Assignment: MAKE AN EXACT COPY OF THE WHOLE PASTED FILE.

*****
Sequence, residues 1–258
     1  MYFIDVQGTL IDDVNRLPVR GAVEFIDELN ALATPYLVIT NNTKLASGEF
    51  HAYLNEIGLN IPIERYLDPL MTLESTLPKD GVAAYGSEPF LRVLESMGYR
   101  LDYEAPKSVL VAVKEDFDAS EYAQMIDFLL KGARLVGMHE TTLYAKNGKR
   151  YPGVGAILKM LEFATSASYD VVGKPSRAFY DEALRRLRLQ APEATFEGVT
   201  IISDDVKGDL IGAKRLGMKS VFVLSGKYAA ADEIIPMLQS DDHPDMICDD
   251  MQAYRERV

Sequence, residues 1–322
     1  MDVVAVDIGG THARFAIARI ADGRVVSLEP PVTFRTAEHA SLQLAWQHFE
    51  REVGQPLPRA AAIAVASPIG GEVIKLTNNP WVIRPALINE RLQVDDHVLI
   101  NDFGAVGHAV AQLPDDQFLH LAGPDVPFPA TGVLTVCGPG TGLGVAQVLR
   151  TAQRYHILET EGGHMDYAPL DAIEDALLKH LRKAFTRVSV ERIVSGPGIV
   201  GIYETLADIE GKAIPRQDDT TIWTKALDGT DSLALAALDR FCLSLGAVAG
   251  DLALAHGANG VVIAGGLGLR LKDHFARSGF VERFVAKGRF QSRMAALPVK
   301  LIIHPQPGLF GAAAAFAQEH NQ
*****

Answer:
Sequence, residues 1–258
     1  MYFIDVQGTL IDDVNRLPVR GAVEFIDELN ALATPYLVIT NNTKLASGEF
    51  HAYLNEIGLN IPIERYLDPL MTLESTLPKD GVAAYGSEPF LRVLESMGYR
   101  LDYEAPKSVL VAVKEDFDAS EYAQMIDFLL KGARLVGMHE TTLYAKNGKR
   151  YPGVGAILKM LEFATSASYD VVGKPSRAFY DEALRRLRLQ APEATFEGVT
   201  IISDDVKGDL IGAKRLGMKS VFVLSGKYAA ADEIIPMLQS DDHPDMICDD
   251  MQAYRERV

Sequence, residues 1–322
     1  MDVVAVDIGG THARFAIARI ADGRVVSLEP PVTFRTAEHA SLQLAWQHFE
    51  REVGQPLPRA AAIAVASPIG GEVIKLTNNP WVIRPALINE RLQVDDHVLI
   101  NDFGAVGHAV AQLPDDQFLH LAGPDVPFPA TGVLTVCGPG TGLGVAQVLR
   151  TAQRYHILET EGGHMDYAPL DAIEDALLKH LRKAFTRVSV ERIVSGPGIV
   201  GIYETLADIE GKAIPRQDDT TIWTKALDGT DSLALAALDR FCLSLGAVAG
   251  DLALAHGANG VVIAGGLGLR LKDHFARSGF VERFVAKGRF QSRMAALPVK
   301  LIIHPQPGLF GAAAAFAQEH NQ